I met a woman in Oahu on a remote beach, who told me about the fish taken from the seabed for aquariums. I didn’t know about that. And then I went spearfishing with some local guys, following them as they hunted their own dinner – these people see and experience things it’s hard to know about if you’re not out there experiencing it and connecting to it. 

I’ve been taking courses in freediving, so I can see more, and spend more time underneath the ocean surface myself. It’s become a really big part of my life. When you’re with people who love being in the ocean, the plastic problem comes up naturally – it’s the garbage in our playground, the space we all share and that our health and lives depend on. This year, I became the Norwegian champion in Freediving, in constant weight no fins, as the discipline is called.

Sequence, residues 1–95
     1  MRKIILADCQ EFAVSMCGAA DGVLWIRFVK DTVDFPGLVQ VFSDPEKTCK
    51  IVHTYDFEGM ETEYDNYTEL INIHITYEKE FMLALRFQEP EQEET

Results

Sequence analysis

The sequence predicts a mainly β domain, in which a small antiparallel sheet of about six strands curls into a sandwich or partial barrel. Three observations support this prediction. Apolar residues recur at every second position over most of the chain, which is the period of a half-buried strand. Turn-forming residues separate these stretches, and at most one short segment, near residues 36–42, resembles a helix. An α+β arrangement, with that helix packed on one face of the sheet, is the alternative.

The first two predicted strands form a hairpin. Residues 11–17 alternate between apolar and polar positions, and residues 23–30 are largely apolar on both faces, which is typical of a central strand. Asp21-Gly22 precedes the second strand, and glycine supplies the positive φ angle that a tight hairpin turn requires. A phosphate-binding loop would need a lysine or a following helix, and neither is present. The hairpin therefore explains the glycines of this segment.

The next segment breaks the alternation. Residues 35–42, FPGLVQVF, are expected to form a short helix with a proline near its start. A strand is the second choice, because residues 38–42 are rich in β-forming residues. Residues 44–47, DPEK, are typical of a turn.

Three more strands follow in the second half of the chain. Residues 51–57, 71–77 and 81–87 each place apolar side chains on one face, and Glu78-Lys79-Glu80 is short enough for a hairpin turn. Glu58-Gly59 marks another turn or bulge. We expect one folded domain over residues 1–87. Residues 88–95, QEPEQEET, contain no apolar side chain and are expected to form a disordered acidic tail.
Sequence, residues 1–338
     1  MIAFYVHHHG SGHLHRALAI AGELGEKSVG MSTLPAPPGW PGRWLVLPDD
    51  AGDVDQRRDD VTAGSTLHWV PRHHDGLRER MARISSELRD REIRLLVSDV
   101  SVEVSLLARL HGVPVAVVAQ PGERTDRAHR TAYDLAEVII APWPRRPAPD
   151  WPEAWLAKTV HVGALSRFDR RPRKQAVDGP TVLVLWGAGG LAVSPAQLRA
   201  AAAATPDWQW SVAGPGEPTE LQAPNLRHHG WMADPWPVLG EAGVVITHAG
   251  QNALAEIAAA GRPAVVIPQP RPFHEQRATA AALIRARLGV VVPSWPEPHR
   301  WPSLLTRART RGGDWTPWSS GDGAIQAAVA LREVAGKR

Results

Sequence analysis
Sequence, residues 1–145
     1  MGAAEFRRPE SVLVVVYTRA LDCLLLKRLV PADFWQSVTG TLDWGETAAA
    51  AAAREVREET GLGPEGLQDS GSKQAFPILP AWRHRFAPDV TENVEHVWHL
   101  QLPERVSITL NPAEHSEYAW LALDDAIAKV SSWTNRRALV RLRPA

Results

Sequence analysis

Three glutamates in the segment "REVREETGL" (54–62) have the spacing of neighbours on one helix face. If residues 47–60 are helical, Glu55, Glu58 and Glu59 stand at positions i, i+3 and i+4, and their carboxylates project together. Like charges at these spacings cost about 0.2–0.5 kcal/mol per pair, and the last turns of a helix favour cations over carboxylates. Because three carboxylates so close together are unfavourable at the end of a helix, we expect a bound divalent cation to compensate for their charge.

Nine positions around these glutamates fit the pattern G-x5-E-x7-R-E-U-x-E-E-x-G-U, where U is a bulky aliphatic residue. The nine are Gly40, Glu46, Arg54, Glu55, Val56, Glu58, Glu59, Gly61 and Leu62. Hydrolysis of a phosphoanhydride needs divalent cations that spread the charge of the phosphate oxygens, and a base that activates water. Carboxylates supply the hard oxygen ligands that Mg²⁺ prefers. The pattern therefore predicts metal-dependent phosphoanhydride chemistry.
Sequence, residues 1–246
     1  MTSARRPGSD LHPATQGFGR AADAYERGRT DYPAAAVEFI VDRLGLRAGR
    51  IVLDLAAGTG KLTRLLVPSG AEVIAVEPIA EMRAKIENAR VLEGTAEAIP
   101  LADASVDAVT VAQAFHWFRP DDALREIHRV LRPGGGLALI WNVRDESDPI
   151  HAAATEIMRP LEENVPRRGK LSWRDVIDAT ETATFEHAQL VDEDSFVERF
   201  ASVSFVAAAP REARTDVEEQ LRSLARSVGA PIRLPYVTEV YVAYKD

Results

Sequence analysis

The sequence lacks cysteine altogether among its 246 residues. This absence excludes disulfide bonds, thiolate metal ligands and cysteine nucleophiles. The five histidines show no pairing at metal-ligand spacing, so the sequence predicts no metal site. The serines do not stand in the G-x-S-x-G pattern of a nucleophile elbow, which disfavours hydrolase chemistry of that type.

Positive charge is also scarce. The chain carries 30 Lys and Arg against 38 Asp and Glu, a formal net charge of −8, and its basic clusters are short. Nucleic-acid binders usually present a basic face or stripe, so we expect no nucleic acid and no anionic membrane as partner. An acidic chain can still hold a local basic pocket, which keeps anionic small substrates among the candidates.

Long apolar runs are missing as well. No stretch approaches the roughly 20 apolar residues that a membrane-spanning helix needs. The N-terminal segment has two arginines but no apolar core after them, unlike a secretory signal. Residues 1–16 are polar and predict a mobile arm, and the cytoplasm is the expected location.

Siri freediving in Tenerife. Photo credit: Siri Østvold


What keeps you hopeful about the future of the ocean?

All the people I meet and see working on the plastic problem is one part of it. But also all of the exciting advancement and projects on both new solutions and on ocean conservation. It’s happening in different places all over the world and on so many levels. There are a lot of business opportunities in this field now too.  Businesses that ignore  this  problem and don’t act on the new opportunities will soon be out of business. There are all these new opportunities available to make a positive change and impact. Also, the younger generation keep me optimistic. They think differently about the world, there’s a noticeable shift in values.


Photo credit: Siri Østvold


Any advice for future eXXpedition crew?

Enjoy it! Take every moment with you – cherish it. Make the most of your surroundings and the other people on the boat. Watch, learn and ask questions. It’s a privilege to be there in that remote and beautiful place.